Across the Pond #3: Fuel-Cell Planes and More VLJs
Following last month's item on Hjelcmo Oil's green developments, I'm delighted to report even more eco-friendly innovation from the east side of the Atlantic. A British-designed and -built, non-combusting, hydrogen fuel-cell is set to power a manned light aircraft. Tests begin in Europe later this year.
The cell will power a highly modified, two-seat, Diamond Dimona motor-glider. The emission-free aircraft is slated to cruise at around 62 mph. Madrid-based Boeing Research and Technology Europe (BR&TE), part of Boeing's famous "Phantom Works" R&D department, is running the project. The aircraft uses a proton-exchange membrane (PEM) fuel-cell/lithium-ion battery hybrid system to power an electric motor, which is coupled to a conventional propeller. The cell powers the entire cruise phase, and is only supported by the lightweight lithium-ion batteries during takeoff and climb. The flight tests will take place in Spain later this year. The PEM system was designed and built by U.K. firm Intelligent Energy, which also created a fuel-cell-powered motorbike.
EC Gets To Grips With GA
And as if all this positive news hasn't had you reaching for the smelling salts already, there's more to come. The European Commission has finally published a discussion paper on GA in Europe, 12 months after a meeting in Brussels with the European Air Transport Commissioner Daniel Calleja Crespo instigated by four AOPA heads: IAOPA president Phil Boyer, German managing director Dr. Michael Erb, U.K. CEO Martin Robinson and IAOPA secretary John Sheehan. AOPA pointed out the discrepancies between GA in Europe and its U.S. counterpart. AOPA estimates that GA in the U.S. is worth US$103 billion, a good 60 to 80 percent more than European estimates.
Other numbers of significance flagged up in the paper are 90,000 pilots engaged in "private powered flying" in Europe and 20,000 private powered aircraft flying between three and four million hours a year. There are 40,000 microlight pilots, 90,000 glider pilots and 22,000 gliders, 115,000 hang glider and paraglider pilots, 120,000 parachutists and 5,300 balloon and airship pilots. Business aviation is growing exponentially and the paper acknowledges the value of flight training to the entire aviation industry. There are also concerns that there are grey areas between commercial and business aviation. The document also highlights some of the challenges GA encounters, such as access to airfields and airspace, excessive provisions of the Joint Aviation Regulation (JARs) and environmental issues.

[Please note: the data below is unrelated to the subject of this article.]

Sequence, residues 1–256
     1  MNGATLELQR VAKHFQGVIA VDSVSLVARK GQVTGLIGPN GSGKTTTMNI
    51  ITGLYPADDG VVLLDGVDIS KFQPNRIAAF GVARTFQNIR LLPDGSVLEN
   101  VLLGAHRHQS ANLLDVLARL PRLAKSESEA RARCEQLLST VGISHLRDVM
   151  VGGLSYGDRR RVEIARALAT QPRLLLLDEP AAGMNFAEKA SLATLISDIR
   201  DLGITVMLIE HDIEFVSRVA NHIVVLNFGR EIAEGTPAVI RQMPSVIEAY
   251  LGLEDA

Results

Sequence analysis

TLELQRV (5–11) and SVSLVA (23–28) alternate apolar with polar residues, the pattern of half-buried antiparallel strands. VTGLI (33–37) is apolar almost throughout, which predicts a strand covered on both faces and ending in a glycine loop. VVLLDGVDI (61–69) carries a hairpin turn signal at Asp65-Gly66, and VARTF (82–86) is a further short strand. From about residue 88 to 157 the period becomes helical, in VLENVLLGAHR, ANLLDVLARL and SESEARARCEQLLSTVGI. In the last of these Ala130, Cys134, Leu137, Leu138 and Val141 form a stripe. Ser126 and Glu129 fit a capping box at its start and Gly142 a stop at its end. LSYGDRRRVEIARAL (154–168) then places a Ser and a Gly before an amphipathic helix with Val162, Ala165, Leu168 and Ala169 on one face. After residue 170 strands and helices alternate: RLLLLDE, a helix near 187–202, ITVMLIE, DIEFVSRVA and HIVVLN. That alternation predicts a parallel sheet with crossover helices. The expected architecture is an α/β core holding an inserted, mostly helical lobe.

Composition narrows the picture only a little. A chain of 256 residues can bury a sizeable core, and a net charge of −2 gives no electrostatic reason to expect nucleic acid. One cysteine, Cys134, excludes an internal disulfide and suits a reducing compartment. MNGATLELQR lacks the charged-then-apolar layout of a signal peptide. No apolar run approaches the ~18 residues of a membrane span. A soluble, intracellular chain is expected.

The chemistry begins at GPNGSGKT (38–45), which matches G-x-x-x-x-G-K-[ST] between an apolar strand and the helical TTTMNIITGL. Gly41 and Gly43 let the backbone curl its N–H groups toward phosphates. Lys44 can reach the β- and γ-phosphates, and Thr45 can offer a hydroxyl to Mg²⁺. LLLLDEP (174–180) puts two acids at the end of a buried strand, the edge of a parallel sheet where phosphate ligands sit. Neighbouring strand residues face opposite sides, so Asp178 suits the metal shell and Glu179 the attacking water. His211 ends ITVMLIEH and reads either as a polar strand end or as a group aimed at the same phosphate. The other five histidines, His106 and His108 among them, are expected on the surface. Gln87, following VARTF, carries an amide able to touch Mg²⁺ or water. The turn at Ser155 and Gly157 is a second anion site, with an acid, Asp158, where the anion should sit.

IAOPA Europe is calling for transparency from the regulators, flexibility in imposing regulations and accountability from the administrators. Full text is available on the IAOPA Europe website, which also carries several useful articles on regulatory and other issues.
Green Light For Grob
Heartening news, too, from Grob Aerospace. The spn program is airborne again after last year's fatal crash temporarily stopped development and the aircraft will participate in a flying display at AERO Friedrichshafen. The company will demonstrate spn (D-CSPN) Apr. 19 and 20. The manufacturer's debut at the Lake Constance event marks its first public appearance since resuming flying on Feb. 23, putting the flight test program of the industry's first all-composite light jet back on track.
The spn light jet ceased flying temporarily after the second spn test aircraft (D-GSP) crashed on Nov. 29 last year, killing its pilot. In agreement with the Federal Office of Civil Aviation (LBA), the flight test program resumed after completing a 300-hour maintenance check, which was combined with a thorough inspection of the entire aircraft. Prior to last year's fatal crash, the aircraft had logged some 294 flight hours and 454 cycles. D-CSPN is now continuing the flight test program with specific focus on systems and performance.